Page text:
The January 16, 1998, New York Times article releasing the results of its latest survey stated quite directly, "Neither age nor a person's sex appeared to have an effect on people's current views on abortion." The AP's January 20, 1998, account of its own poll offered a similar observation, saying, "Race and gender were not significant factors in determining opinion about abortion."
If there is a "gender gap," polls show that it is women, not men, who are more likely to oppose abortion! In the 1998 Wirthlin poll conducted for the Family Research Council (FRC), women consistently expressed a more pro-life position (61% willing either to prohibit abortion in all circumstances, to allow abortion only to save the life of the mother, or to allow abortion only in cases of rape, incest, or the life of the mother) than did men (53% expressing a pro-abortion position). While middle-aged women were slightly more pro-abortion than those under 34 or over 55, in all age cohorts, women were more pro-life than men. The 1998 poll by the Catholic bishops found the same thing, with more women (58%) than men (50%) willing to outlaw most abortions.
According to the FRC poll, men are also more likely to think abortion improves male/female relationships, while the majority of women disagree.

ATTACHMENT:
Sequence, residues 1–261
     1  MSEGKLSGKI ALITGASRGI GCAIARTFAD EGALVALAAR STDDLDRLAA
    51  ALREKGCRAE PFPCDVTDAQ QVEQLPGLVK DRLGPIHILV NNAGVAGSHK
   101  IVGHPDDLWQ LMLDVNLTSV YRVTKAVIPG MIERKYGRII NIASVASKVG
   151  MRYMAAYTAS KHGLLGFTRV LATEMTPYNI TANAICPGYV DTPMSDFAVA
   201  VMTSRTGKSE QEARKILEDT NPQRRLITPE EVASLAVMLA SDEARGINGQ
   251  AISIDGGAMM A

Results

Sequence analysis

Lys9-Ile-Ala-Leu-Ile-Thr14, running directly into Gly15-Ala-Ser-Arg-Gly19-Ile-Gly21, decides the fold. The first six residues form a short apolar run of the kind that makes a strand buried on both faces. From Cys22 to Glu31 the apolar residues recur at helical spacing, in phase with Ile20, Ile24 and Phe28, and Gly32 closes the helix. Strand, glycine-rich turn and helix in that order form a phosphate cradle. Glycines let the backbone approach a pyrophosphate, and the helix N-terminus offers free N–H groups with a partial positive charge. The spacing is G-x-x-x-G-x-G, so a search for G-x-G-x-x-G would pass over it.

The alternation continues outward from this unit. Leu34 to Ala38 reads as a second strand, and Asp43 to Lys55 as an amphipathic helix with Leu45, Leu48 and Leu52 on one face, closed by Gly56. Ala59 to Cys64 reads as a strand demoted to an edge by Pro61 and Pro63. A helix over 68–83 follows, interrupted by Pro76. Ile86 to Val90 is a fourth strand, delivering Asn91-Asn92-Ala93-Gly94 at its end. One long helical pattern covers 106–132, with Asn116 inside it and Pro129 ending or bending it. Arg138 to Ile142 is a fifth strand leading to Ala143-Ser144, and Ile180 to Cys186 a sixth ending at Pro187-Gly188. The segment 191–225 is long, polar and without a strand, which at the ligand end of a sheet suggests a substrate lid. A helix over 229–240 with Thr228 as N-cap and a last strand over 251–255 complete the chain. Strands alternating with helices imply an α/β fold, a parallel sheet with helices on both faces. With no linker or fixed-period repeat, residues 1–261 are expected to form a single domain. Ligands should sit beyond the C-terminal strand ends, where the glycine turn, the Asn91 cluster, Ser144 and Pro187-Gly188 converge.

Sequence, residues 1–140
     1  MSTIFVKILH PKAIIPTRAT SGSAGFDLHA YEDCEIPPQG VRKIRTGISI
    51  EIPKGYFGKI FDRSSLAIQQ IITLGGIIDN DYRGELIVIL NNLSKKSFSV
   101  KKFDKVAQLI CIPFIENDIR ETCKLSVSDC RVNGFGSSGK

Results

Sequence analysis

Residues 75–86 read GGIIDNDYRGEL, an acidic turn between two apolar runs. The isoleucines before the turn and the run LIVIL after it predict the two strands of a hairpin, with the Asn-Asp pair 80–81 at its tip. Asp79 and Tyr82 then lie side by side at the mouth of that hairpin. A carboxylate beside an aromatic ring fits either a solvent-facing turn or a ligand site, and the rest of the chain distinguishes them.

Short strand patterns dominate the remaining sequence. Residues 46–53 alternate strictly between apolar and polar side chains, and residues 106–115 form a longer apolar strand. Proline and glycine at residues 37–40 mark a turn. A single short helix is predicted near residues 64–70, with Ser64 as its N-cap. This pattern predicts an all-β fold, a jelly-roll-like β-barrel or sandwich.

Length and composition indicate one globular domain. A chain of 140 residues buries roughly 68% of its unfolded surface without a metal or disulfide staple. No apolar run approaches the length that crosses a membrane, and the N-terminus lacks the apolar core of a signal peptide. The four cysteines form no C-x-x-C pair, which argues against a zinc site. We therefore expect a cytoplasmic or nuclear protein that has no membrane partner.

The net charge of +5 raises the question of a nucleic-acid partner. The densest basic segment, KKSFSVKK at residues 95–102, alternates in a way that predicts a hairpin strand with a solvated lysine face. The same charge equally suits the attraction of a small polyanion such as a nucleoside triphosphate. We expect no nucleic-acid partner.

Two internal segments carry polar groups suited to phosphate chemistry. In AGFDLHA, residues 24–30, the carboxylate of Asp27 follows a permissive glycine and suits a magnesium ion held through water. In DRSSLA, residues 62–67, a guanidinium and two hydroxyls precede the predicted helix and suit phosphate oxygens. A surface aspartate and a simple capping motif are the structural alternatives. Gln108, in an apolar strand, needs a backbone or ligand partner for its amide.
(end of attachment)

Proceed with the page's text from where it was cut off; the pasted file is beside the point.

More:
Younger people, whose generation has taken such a hit from 25 years of abortion on demand, are increasingly likely to be pro-life as well. While those with higher incomes and high levels of education are typically more likely to support abortion, yearly nationwide surveys of college freshman done by researchers from UCLA have shown a decidedly pro-life trend, with just 54% currently supporting abortion, declining for the fifth year in a row, from a high of 65% in 1990. This is encouraging, given that the universities are one of the abortion industry's prime foci.
The most pro-life region of the country was the South, with 63% of those reporting a pro-life position.
It is often thrown in the face of pro-lifers that Protestants and Catholics are just as likely to support abortion or to have abortions as the rest of Americans. A November 5, 1996, Los Angeles Times poll offered an important qualification. While 48-q of Protestants, 46% of Catholics, and 41% of "other Christians" in the poll said that abortion should not be made illegal, those numbers were quite different when frequency of church attendance was factored in.